The following table shows how each comparison operator functions with the SOME quantifier.

Operator | Description |
---|---|

= | 'Equal to' returns true when at least one of the left-side element values is the same as any of the right-side element values. |

!= or <> | 'Not equal to' returns true when none of the left-side element values is the same as any of the right-side element values. |

> | 'Greater than' returns true when at least one of the left-side element values is greater than any one of the right-side element values. |

>= | 'Greater than or equal to' returns true when at least one of the left-side element values is greater than or equal to any one of the right-side element values. |

< | 'Less than' returns true when at least one of the left-side element values is less than any one of the right-side element values. |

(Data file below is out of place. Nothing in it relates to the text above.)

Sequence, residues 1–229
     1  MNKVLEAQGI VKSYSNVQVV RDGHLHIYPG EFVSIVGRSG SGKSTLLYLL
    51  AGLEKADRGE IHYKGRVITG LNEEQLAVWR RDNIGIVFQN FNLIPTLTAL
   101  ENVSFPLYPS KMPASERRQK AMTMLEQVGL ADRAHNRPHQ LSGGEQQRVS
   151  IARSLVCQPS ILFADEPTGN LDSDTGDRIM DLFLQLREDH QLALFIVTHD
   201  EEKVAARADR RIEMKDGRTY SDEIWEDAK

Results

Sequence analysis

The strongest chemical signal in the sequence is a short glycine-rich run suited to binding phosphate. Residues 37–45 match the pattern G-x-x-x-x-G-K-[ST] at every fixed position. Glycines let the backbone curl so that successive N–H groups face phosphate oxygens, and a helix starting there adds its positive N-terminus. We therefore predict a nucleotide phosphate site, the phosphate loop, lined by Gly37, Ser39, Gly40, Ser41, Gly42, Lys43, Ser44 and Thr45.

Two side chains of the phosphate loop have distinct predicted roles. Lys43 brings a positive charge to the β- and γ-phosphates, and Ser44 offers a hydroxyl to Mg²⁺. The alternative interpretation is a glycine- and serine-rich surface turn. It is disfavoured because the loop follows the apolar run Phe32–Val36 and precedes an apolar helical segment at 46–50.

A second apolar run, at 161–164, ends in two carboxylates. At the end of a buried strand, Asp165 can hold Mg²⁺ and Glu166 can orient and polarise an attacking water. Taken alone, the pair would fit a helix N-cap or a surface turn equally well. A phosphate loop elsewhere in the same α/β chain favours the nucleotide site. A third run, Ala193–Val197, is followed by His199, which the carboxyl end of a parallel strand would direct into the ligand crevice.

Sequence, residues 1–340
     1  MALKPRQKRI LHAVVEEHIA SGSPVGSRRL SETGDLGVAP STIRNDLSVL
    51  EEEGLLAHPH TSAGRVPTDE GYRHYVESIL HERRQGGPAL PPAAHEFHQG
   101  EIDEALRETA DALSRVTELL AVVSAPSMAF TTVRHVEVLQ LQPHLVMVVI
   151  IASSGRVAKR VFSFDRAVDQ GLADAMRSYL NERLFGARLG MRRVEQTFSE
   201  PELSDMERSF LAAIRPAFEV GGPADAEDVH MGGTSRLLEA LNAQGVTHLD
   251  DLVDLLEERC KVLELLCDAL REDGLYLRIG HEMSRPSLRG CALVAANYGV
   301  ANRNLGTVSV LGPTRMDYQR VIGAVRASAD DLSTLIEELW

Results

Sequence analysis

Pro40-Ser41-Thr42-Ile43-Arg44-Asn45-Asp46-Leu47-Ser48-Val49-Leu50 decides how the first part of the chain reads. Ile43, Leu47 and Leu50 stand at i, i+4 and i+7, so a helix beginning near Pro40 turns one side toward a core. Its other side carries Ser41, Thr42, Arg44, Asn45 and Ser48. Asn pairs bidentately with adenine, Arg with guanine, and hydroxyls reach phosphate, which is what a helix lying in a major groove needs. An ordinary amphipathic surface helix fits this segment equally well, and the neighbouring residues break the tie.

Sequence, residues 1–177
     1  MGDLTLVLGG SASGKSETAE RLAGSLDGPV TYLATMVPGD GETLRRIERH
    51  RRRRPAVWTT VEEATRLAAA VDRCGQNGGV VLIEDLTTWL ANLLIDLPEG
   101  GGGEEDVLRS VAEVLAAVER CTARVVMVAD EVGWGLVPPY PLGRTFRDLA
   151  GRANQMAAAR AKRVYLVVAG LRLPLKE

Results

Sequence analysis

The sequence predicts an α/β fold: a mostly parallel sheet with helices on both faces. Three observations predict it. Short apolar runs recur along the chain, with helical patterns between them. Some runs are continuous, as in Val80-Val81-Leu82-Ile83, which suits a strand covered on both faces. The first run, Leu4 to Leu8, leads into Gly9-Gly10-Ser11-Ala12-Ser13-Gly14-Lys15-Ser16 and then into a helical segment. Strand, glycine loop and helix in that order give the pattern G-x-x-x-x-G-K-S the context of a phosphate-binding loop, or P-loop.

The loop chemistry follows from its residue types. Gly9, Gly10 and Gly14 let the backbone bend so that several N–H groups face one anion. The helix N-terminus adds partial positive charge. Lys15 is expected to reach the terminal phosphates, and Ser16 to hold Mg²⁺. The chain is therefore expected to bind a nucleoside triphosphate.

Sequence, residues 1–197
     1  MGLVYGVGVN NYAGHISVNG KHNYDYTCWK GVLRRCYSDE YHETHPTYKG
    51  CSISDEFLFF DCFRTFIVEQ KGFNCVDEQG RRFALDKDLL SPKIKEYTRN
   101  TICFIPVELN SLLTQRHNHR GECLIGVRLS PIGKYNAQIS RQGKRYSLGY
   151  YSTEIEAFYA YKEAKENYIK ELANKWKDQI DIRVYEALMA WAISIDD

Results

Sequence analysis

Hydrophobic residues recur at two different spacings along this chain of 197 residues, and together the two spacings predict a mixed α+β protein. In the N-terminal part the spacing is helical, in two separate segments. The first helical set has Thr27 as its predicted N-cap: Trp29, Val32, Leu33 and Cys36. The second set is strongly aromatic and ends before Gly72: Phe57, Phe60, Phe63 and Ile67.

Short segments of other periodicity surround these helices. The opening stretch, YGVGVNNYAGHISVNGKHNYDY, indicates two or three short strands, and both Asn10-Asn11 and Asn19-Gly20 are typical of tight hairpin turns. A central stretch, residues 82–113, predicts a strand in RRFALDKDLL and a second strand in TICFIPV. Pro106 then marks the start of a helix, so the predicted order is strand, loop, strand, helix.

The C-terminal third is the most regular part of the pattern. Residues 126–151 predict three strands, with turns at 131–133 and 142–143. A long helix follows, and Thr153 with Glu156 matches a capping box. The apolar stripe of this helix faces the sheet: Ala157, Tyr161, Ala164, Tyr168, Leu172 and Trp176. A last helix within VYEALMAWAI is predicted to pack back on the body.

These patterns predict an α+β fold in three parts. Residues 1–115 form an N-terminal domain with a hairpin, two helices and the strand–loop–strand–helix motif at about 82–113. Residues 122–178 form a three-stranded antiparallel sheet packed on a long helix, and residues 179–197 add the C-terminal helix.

<= | 'Less than or equal to' returns true when at least one of the left-side element values is less than or equal to any one of the right-side element values. |

## Examples

The following example checks whether documents are in the "Finance" or "Planning" categories:

SELECT System.ItemUrl FROM SystemIndex WHERE System.Category = SOME ARRAY['Finance','Planning']

The following comparisons all evaluate true. Remember that in actual use, the search query syntax requires the left side to be a property, not a literal value.

ARRAY [1,2] > ARRAY [1,1] ARRAY [1,2] > ARRAY [1,1,2] ARRAY [1,2] < ARRAY [1,2,3] ARRAY [1,2] = SOME ARRAY [1,12,27,35,2] ARRAY [1,1] != ALL ARRAY [1,2] ARRAY [1,20,21,22] < SOME ARRAY [0,40] ARRAY [1,20,21,22] < ANY ARRAY [0,40]

## Related topics

**Reference**- LIKE Predicate
- Literal Value Comparison
- NULL Predicate
**Conceptual**- Full-Text Predicates
- Non-Full-Text Predicates